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Avoiding gluten doesn’t mean I don’t ever bake or cook with flour. It means I use gluten free flours, and fortunately, there is a wide variety to choose from. They don’t all have the same properties, and most are not interchangeable with wheat flour, one on one. Knowing what flours to use, for which purposes, and how much to use, prevents baking flops and catastrophes. And trust me, I’ve had a few of those.
Check out 8 Symptoms of Gluten Intolerance, to see why some people avoid gluten.
One thing I learned early in my plant based journey is that it’s best to use a combination of gluten free flours, for the best end results.
Below are great gluten free options, and the best ways to use them.
Gluten Free Flours
The flours can be divided into three categories: starches, medium density flours and heavy density flours. It’s best to use a combination of the three, and to experiment occasionally to see which blend suits your baking needs the best.
Arrowroot flour is a very fine flour that is derived from the arrowroot plant. It is also called arrowroot starch or arrowroot powder. The flour resembles corn or potato starch.
Best used as a thickener, in place of corn starch, it can be substituted 1:1 for other starches. Arrowroot flour is helpful when combined with other gluten free flours as it helps the dough and finished product to hold together.
Use up to 25% of arrowroot flour in a mix of gluten free flours.
Different from potato flour, this starch adds wonderful moisture to baked goods.
Best used for all types of baked goods.
Use up to 25% of potato starch in a mix of gluten free flours.
Also known as cassava flour, this product is made from the dried roots of the cassava plant. It is also known as tapioca starch, and should be used in combination with other gluten free flours.
Best used for mixing in gluten free flour blends and thickening soups, sauces and fillings.
Tapioca flour can be substituted for corn or potato starch. Use no more than 25% when combining with other gluten free flours.
Medium Density Gluten Free Flours
This flour is closest in texture and taste to traditional wheat flour. It is high in antioxidants and in many instances, can be used as a 1:1 substitution for regular flour.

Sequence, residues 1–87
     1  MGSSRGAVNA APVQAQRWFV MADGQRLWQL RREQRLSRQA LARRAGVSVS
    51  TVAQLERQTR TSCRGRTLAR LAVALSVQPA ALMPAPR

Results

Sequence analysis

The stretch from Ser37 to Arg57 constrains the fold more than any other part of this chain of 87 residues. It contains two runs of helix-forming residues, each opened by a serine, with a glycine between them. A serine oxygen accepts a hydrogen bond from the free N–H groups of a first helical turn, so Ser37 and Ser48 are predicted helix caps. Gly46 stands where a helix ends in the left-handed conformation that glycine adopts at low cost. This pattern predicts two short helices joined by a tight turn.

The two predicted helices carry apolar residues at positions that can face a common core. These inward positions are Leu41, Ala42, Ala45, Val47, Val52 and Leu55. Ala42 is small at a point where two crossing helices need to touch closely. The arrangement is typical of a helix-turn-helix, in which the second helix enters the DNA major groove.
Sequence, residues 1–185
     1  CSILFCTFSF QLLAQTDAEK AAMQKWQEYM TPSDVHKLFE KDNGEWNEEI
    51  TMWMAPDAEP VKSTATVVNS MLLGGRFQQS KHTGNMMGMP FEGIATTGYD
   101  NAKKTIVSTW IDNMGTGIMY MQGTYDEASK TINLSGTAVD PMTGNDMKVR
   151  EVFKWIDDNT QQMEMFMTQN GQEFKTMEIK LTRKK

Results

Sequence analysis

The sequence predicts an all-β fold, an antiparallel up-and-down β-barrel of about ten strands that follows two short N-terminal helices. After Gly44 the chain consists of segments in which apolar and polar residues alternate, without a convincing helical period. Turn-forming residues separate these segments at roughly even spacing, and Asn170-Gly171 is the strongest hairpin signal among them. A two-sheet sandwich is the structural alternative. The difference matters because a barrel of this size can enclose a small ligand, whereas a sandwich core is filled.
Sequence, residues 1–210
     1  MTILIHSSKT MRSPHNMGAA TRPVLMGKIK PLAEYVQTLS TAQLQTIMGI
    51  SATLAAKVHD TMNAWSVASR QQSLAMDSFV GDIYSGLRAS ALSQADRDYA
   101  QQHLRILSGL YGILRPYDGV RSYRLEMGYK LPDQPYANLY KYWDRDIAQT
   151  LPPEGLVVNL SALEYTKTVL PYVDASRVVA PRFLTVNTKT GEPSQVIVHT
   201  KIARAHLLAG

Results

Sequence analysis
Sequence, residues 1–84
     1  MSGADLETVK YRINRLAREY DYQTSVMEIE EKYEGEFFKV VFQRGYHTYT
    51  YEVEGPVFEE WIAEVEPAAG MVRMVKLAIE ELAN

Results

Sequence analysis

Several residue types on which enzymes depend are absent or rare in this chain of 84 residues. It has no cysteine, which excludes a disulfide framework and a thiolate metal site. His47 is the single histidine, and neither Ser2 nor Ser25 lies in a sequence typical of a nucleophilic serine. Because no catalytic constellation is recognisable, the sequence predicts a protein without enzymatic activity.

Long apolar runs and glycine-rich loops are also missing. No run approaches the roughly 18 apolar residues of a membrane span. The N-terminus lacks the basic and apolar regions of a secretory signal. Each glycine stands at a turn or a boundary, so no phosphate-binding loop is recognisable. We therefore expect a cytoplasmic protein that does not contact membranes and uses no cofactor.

Best used for muffins, breads, pancakes, cookies and cakes.
Swap sorghum flour 1:1 for wheat flour or use up to 50% in gluten free mix.
This grain has a nutty flavor. However, as a flour it can be slightly bitter. Use sparingly in a mixture of other gluten free flours, to add protein.
Best used for biscuits, flatbreads, herbed breads or muffins.
Only use 25%, or less, in a mix of gluten free flours.
This flour is made by grinding oats. You can grind your own gluten free oats, in a blender or food processor. Otherwise, make sure the package states that this is a gluten free product. Oats are naturally gluten free, however, they are often cultivated and processed with wheat products, leading to cross contamination.
Best used for breads, muffins, cookies, cakes, crusts, fruit crisps and scones.
Use up to 50% of oat flour in a gluten free mix.
This mild adaptable grain is rich in magnesium and also completely gluten free. Millet flour adds a crumbly texture to breads and muffins.
Best for breads, muffins, cookies, cakes and crusts.
Use up to 25% of millet flour in a gluten free mix.
Beans can be ground into flour, just as grains can. All are naturally rich in protein and fiber. Available varieties include chickpea, or garbanzo, black bean, white bean, lentil and fava. Bean flours have a robust flavor and can leave an aftertaste, so experiment with these. I use garbanzo flour most often, of the bean flours.
Use bean flours in sweet treats such as pancakes, muffins or zucchini bread.
Up to 25% of a gluten free mix can be comprised of bean flours.
Heavy Density Gluten Free Flours